Instructions and Generalizations Post-Simulation Debriefing in Maritime Training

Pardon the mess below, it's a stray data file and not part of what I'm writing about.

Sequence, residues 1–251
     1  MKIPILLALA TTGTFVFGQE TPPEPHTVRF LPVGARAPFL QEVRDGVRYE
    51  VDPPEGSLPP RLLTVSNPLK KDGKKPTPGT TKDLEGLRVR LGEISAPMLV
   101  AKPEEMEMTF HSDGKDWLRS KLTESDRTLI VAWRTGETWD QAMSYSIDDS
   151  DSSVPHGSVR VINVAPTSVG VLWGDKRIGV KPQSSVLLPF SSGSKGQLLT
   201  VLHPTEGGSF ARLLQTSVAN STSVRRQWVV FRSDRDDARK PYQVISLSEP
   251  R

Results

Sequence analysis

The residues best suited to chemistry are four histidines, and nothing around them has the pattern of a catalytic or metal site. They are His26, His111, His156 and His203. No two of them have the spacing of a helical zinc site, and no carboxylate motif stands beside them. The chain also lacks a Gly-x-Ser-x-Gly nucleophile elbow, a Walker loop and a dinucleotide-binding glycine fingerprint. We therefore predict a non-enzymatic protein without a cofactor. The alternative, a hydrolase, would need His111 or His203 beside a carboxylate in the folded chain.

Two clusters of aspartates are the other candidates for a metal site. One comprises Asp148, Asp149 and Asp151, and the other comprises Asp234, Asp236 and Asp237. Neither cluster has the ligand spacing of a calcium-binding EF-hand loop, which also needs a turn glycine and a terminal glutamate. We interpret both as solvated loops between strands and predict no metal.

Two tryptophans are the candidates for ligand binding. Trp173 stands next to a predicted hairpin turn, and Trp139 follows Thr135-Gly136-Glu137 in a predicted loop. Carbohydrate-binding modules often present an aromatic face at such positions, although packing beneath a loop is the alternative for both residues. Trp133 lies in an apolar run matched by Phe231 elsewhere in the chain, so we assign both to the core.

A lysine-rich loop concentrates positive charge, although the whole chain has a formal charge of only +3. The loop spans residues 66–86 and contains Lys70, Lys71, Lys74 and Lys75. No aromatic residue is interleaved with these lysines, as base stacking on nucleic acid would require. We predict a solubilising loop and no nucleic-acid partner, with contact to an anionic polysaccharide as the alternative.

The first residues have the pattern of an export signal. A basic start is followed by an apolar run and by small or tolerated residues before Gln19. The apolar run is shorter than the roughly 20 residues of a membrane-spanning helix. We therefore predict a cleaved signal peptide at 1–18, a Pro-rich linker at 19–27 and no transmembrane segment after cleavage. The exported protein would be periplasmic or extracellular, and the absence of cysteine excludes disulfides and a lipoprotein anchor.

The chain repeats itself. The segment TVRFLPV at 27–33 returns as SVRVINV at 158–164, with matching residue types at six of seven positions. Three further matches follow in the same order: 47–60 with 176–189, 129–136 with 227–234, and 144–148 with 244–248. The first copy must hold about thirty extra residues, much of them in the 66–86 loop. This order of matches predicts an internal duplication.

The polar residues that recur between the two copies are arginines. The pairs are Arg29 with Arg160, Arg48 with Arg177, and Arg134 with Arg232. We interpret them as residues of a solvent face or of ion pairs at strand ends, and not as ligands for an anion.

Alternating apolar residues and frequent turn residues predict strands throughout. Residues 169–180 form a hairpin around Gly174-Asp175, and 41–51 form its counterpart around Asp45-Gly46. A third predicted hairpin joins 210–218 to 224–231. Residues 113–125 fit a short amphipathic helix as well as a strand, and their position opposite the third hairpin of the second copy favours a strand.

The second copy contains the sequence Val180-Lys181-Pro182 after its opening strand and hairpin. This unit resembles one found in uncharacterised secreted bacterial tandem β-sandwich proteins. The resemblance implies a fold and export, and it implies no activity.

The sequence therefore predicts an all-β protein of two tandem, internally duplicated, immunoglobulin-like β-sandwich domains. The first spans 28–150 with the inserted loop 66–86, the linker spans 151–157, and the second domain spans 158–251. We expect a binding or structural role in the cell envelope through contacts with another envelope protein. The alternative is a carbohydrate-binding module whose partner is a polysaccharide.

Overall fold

Purpose: The purpose of this study was to investigate post-simulation debriefing in maritime training. For this purpose, the scope was divided into two focal areas: the process of post-simulation debriefing and instructions in post-simulation debriefing. For each focal area, three research questions have been formulated and used as a support to give the study direction. In the matter of the process of post-simulation debriefing, the aim of the research questions was to identify the structural components of the debriefing process. As for the instructions in post-simulation-debriefing, the aim was to understand how the subject was taught. Theory: The theoretical background presents a panoramic view of debriefing, which includes the origin and concept of debriefing, the process of debriefing as well as the critical aspects of debriefing. As for the origin and concept of debriefing, the theoretical background depicts how historical roots have shaped various concepts of debriefing. Subsequently, an assortment of various conceptual frameworks, models and strategies provides perspectives on the process of debriefing. Henceforth, the subsection titled “critical aspects of debriefing” describe crucial features of previous research. This section presents perspective on instruction, elements of debriefing, how concepts and elements of debriefing can be understood, teaching in debriefing and standards of best practice, leadership in debriefing as well as a view of the contemporary position of previous research. Method: This study chose an educational environment of maritime training using Bridge Operations Simulators. Exercises or tasks were conducted in these simulators, where the debriefing sessions were held after a simulation-based exercise or task. This study was an extension of a research project and focused on approximately 16 hours of video data, where each video clip was between 2-12 minutes, involving three instructors at different occasions and in total involved 10-20 students. The study had an inductive approach, used video as a data collection method and was based on an observational approach. The data material was systematically managed, where the selected data was based on the relevance of the research objectives. Subsequently, the analysis method consisted of procedures in the shape of coding and transcripts. Results: The study resulted in several findings. First, the structure of post-simulation debriefing in maritime training consisted of both a general process as well as a specific process. The general process included three main phases, such as the initial phase, the central phase and the final phase. In turn, each phase involved several key steps that formed the specific process of post-simulation debriefing. These key steps emerged as the introduction of the debriefing session, overviewing the simulation-based exercise, framing and defining the problem, specifying the simulation-based scenarios, problem analysis and problem solutions, key lessons and summaries, the closures of debriefing and finally, the purposes with and goals in debriefing. Despite this, during the debriefing process, procedures that involved instructional guidance, the contrasts between general and specific information as well as various forms of generalizations were prominent features. As a consequence, these procedures verified that the various practices, for instance, troubleshooting, evaluation and generalizations, consistently occurred. It confirmed that the key steps in post-simulation debriefing process, in its consecutive order, were not affirmed. Rather, the process of post-simulation debriefing was flexible and consisted of versatility.